A process-oriented modelling study of the coastal Canary and Iberian Current system
Batteen, Mary L.
Martinho, Antonio S.
Miller, Henry A.
McClean, Julie L.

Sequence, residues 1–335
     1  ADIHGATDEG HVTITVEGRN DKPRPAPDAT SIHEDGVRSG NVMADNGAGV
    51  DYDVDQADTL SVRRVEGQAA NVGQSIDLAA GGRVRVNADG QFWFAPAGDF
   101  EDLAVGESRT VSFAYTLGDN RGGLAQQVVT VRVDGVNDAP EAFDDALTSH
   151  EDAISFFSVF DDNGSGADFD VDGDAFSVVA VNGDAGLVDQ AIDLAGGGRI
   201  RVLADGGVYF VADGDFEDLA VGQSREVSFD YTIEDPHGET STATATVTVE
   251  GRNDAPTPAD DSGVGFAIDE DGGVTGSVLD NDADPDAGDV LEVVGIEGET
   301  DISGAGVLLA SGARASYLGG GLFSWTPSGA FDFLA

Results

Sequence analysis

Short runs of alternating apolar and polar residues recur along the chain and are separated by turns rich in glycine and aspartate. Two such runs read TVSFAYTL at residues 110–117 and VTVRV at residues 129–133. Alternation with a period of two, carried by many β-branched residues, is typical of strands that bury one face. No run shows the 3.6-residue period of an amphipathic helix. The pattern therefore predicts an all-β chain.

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In a hierarchy of increasing complexity of physical forcing mechanisms, we conduct a process-oriented study of the Northern Canary Current System (NCCS) with a terrain-following numerical ocean model (in this case the Princeton Ocean Model, POM) to investigate the forcing mechanisms for the classical as well as unique features of the NCCS. While most of the NCCS features are realistically simulated, a key comparison of the results shows that unexpectedly a realistic subsurface mesoscale feature is simulated in a flat bottom NCCS model but not in the same model with bottom topography. We then show that this is a consequence of a numerical choice, which leads to the use of an improved technique to smooth the bottom topography, which better preserves the raw topography and subsequently is shown to produce the subsurface feature. This choice is then used in the final and most realistic of the NCCS experiments, in which a high temporal resolution study is conducted from March to September 1996 for the NCCS coastal ocean domain using daily winds and thermohaline forcing initialized on 2 March 1996 from a one-way coupled North Atlantic Parallel Ocean Program (POP) model updated at the lateral boundaries of the POM model every three days. A key physical result is that a dynamic flow consistent with the Azores Current is produced in this experiment, a feature not produced in the other experiments which used climatological data at the open boundaries. The results of these process-oriented experiments emphasize that numerical models of ocean circulation require important choices, which are both numerical and physical.
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